The deep ocean provides a wide range of valuable ecosystem services to the planet; but it remains largely unexplored due to its size and inaccessibility.
Marine biologists have long known that many marine predators dive vertically into the deep ocean, but the reasons behind this behaviour were largely a mystery.
Many predator species have been recorded travelling from near surface waters to the twilight (200 to 1,000 metres) and midnight (1,000 to 3,000 metres) zones of the ocean.
Senior Research Fellow Professor David Sims collaborated with researchers from Woods Hole Oceanographic Institution, who led the study, and many other international marine institutions to discover why large predators were deep diving.
Scientists synthesized data from electronic tags, shipboard sonar, Earth-observing satellites, and data-assimilating ocean models.
Data was collected from 344 electronic tags over the course of 46,659 tracking days from 12 species in the North Atlantic Ocean, including blue sharks, shortfin mako sharks, white sharks, whale sharks, Yellowfin tuna, swordfish and more.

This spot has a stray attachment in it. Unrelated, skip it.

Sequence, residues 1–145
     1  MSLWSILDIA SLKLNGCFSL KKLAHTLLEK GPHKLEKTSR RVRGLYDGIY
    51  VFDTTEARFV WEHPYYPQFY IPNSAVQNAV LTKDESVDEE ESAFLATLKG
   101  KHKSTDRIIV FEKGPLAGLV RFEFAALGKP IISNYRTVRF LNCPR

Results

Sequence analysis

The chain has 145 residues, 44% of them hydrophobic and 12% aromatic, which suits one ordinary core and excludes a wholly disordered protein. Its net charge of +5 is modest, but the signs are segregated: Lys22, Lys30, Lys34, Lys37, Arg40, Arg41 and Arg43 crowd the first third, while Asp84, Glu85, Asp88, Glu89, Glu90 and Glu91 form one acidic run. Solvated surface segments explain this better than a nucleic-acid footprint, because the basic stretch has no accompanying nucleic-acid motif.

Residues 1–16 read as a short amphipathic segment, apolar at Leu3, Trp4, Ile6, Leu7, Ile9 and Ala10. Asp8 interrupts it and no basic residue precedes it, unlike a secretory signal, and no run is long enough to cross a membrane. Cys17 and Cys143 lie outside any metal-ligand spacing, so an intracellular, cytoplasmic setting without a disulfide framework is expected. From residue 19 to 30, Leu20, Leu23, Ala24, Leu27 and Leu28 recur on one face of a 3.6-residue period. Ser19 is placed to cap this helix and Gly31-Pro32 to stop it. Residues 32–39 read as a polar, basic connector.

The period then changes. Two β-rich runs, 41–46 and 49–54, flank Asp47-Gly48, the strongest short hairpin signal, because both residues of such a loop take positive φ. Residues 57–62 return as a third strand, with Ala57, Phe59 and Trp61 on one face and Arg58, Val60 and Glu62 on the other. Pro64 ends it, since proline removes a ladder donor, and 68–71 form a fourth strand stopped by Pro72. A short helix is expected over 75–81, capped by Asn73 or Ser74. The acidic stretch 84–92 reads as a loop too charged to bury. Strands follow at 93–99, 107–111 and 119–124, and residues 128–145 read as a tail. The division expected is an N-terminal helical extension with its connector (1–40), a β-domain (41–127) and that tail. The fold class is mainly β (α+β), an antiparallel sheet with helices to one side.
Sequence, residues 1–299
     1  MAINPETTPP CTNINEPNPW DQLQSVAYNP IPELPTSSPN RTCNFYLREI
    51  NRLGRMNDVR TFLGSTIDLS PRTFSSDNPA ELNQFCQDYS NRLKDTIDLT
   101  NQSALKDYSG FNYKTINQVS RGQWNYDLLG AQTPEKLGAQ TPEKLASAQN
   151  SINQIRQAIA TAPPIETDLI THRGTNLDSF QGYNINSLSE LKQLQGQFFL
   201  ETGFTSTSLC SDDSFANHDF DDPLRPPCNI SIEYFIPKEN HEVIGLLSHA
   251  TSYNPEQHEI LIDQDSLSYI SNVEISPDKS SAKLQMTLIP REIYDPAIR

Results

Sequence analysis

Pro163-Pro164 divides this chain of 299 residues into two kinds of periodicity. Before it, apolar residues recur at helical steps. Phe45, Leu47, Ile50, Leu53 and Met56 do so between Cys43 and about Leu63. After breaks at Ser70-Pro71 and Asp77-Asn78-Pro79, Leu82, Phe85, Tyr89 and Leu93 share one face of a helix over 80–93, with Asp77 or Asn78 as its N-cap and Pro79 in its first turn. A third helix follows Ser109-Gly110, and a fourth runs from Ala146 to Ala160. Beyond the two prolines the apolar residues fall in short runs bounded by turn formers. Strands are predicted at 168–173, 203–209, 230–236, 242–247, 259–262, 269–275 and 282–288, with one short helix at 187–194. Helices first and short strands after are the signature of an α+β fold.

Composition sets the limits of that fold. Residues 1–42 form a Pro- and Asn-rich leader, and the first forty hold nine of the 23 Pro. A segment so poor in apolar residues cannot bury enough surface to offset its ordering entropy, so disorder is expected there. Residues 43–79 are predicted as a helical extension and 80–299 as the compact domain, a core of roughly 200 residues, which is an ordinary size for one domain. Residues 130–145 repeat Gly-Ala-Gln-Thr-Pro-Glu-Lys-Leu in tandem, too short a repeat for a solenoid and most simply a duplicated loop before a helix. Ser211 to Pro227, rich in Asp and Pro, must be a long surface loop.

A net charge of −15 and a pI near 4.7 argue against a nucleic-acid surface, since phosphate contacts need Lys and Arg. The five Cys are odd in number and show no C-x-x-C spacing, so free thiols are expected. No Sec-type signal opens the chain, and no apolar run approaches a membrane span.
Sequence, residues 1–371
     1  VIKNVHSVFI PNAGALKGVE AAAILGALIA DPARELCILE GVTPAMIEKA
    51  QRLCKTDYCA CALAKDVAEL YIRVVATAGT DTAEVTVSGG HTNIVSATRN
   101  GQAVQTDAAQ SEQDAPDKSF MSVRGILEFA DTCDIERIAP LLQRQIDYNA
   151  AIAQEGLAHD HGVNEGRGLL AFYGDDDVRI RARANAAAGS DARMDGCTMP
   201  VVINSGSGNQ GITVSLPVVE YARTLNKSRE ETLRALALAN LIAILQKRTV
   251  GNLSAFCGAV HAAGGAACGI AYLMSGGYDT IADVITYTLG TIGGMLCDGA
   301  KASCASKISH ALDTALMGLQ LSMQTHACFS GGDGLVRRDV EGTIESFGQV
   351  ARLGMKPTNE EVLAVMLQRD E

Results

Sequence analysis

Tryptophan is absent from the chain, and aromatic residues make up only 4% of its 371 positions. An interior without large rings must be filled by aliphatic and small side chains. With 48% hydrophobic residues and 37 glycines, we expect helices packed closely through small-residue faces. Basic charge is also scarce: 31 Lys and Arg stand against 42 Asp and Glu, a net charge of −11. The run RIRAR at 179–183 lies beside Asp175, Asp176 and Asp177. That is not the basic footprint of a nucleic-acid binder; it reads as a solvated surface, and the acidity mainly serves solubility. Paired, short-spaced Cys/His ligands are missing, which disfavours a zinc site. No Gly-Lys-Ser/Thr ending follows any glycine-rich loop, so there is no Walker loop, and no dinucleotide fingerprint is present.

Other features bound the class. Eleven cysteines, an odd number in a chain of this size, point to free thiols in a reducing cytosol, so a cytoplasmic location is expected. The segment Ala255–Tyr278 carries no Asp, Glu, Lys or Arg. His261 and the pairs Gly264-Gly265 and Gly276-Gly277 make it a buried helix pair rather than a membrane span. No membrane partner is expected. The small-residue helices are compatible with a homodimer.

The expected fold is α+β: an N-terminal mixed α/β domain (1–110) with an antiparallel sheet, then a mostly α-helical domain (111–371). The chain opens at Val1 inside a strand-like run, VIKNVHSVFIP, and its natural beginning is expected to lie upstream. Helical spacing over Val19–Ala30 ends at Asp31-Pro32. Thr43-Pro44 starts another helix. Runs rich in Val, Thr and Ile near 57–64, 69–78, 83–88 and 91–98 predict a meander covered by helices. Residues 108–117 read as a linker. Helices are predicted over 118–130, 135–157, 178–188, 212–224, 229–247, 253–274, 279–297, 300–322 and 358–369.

Using 3D movement data which recorded marine animals travelling nearly 1.5 million kilometres of ocean, they found that nearly every tagged predator frequented the twilight zone and many made regular trips to the midnight zone.
Using a predictive model, researchers found a clear correlation of predator depth use with the expected location of deep ocean prey for at least half of the predator species.
While not all observed behaviour was linked to prey availability at depth, the results show that large marine predators, like sharks and tunas, dive deep into the twilight zone, often to follow the movements of a dense layer of prey organisms, called the deep scattering layer.
Researchers warn that careful consideration to the disruption of deep-ocean food webs is needed, and it is important to study them further before fishing or extracting activities occur.
Read the full paper: https://www.pnas.org/doi/10.1073/pnas.2306357120